Most physicians and their staffs find medical record audits a painful necessity of the modern age, but it doesn't have to be that arduous an experience.
Chart audits are valuable tools for identifying lapses in care or inconsistent treatment procedures that might otherwise go unnoticed. They're also critical when it comes to making sure that you're billing process is accurate—which directly affects your reimbursements. They're also necessary for legal protection, since both issues with patient care and incorrect billings can expose you to legal liabilities that are better off being avoided.
Here's how to prepare your staff (and yourself) for the next audit:
Make Internal Auditing a Routine Process
You probably tell your patients that small changes, consistently maintained, can produce great long-term results. Well, that's something to keep in mind when it comes to paperwork, as well. If you create an office culture that pays attention to detail on a daily basis, it'll be a lot easier come the next audit to pull out all the documentation.
Make sure that the following things are done on a scheduled basis:
- A random sample of billing statements should be pulled for review to look for mistakes that could indicate a lapse in training or problems like over-coding and under-coding.
- Pull a selection of patient charts, and have someone review them for any missing information or inconsistencies, like missing interpretations of test results or diagnoses that aren't supported by the notes.
- Review current educational requirements and training needs of your staff to make sure that you stay in compliance with new codes and guidelines.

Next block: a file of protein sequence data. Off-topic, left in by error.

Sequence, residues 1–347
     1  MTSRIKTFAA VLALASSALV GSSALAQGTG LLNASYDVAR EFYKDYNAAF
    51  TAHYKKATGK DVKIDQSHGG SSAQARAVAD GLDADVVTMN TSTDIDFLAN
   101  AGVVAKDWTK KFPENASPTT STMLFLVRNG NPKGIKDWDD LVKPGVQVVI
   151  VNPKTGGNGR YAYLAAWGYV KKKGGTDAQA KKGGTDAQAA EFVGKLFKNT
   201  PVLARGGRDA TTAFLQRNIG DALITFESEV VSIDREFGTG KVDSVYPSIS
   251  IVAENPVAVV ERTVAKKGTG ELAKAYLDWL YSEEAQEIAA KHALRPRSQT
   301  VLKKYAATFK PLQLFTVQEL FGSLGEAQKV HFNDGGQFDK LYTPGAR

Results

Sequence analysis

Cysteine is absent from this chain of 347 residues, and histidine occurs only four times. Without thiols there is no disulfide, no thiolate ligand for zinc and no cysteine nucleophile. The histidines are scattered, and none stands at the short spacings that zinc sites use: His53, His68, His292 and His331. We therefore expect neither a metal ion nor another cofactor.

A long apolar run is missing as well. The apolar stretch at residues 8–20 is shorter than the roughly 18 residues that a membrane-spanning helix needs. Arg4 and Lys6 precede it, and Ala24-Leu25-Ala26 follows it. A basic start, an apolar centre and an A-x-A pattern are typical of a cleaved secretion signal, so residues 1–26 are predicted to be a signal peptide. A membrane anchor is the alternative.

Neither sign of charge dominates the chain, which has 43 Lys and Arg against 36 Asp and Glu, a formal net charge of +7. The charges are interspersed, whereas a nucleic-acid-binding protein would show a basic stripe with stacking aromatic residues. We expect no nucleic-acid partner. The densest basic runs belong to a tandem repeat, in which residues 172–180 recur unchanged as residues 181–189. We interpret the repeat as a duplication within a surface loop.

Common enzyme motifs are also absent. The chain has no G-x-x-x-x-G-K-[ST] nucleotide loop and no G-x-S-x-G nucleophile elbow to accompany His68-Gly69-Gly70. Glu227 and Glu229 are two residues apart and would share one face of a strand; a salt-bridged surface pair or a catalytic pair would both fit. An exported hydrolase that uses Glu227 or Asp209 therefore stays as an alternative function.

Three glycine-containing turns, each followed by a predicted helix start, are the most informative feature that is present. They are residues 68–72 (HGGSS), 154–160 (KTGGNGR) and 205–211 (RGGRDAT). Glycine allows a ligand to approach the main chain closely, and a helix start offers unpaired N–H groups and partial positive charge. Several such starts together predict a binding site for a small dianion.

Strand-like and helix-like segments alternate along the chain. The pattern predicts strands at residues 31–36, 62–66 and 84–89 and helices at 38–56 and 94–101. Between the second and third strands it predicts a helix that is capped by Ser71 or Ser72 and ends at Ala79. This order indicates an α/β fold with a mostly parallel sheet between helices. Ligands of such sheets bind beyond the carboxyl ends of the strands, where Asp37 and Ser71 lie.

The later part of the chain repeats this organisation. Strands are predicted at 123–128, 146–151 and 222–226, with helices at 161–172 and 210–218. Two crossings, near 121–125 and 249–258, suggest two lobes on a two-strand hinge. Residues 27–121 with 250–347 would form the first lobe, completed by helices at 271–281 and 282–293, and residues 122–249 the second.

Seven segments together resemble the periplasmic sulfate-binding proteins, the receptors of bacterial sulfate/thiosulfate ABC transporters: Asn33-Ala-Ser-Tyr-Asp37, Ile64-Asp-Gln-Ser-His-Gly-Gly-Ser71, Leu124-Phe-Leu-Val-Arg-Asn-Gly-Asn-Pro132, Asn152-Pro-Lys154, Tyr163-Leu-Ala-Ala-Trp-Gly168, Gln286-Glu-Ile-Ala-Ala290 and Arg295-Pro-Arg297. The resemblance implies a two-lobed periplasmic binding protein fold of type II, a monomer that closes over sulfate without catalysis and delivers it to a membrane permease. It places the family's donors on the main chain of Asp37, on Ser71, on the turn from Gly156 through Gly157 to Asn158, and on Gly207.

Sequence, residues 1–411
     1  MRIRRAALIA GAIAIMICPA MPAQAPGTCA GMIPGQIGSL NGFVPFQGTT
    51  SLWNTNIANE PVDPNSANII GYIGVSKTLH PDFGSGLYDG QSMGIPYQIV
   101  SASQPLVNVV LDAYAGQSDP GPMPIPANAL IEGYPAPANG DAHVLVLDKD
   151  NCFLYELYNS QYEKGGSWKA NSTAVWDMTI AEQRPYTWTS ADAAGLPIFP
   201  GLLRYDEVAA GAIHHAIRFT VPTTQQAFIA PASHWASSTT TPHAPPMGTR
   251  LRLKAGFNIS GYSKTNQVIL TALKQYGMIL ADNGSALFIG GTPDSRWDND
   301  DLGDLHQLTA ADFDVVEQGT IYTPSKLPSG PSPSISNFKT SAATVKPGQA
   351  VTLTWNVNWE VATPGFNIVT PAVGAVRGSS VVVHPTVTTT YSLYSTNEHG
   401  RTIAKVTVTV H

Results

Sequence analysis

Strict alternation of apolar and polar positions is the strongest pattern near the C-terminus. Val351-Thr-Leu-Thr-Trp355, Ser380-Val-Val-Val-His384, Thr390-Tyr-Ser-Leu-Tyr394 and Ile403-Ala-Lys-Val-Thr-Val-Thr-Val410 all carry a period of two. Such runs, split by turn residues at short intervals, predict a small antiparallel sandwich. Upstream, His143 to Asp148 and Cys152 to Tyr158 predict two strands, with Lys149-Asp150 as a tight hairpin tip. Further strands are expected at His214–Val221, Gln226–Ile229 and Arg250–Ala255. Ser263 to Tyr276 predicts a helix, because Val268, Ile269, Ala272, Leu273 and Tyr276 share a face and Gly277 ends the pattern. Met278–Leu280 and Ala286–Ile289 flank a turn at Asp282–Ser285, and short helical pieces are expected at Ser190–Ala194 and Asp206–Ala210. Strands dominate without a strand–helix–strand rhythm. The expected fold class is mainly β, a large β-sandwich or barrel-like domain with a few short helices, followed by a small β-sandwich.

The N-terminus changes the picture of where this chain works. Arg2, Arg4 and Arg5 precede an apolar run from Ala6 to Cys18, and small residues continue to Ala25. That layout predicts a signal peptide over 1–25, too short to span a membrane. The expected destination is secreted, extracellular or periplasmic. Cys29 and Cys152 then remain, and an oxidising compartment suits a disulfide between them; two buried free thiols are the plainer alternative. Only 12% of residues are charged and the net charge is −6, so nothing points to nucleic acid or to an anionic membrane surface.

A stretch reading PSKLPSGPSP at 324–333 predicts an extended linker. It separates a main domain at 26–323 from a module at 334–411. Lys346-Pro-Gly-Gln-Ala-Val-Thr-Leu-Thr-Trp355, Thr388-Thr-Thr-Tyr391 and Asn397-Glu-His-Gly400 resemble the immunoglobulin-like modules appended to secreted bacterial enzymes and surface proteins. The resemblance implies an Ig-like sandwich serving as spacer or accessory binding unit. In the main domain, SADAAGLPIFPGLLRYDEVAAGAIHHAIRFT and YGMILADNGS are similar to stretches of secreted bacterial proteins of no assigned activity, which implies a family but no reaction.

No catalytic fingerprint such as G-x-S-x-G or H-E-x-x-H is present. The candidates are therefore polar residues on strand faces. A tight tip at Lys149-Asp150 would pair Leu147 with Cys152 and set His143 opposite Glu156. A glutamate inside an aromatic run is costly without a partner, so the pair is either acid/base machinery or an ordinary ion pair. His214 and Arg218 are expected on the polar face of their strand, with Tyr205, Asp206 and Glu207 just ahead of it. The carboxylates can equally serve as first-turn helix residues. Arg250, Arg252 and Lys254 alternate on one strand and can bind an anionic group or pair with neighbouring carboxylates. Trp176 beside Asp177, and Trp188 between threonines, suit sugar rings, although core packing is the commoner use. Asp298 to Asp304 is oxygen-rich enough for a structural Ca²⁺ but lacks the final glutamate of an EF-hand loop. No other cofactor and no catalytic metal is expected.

- Summarize your results, and communicate them to your staff so that everyone is aware of areas that need improvement.
If you don't have the time to do the audit yourself (and you probably don't), it's time to think about hiring someone for the task. That might be more productive than relying on your staff to catch and correct errors anyhow.
Give Plenty of Prep Time for the Next Audit
The next time you're faced with a formal records audit by the Centers for Medicaid and Medicare Services (CMS) or another entity, your audit will go smoother if you do the following things:
- Make sure that you have a specific policy in place for responding to audit requests and that all staff members know who should be alerted.
- Assign one staff member (preferably the records manager) as the contact person for the audit. Have that individual talk to the auditor to find out what has prompted the audit. If it's the result of a patient complaint, for example, that can guide your expectations, which would be much different than you might have if the audit was just the result of random selection.
- Have your records manager pull the documents needed for the audit in advance. If you're using electronic records, find out what reporting tools your particular system has and use them. (It's likely to have data aggregation tools you aren't even aware exist, so call your vendor for directions.)
- Make sure that your office looks as professional as possible. While it might seem superficial, appearances do count. If you have expired samples sitting around and chaotic-looking workstations, that's going to give the auditor ideas that you aren't paying attention to details.
The more your staff comes to view audits as part of the routine rather than an interruption, the easier they'll become in the end. Good communication and clear expectations are key to making that happen.
For more information, talk to companies like Clarity Pharma Research.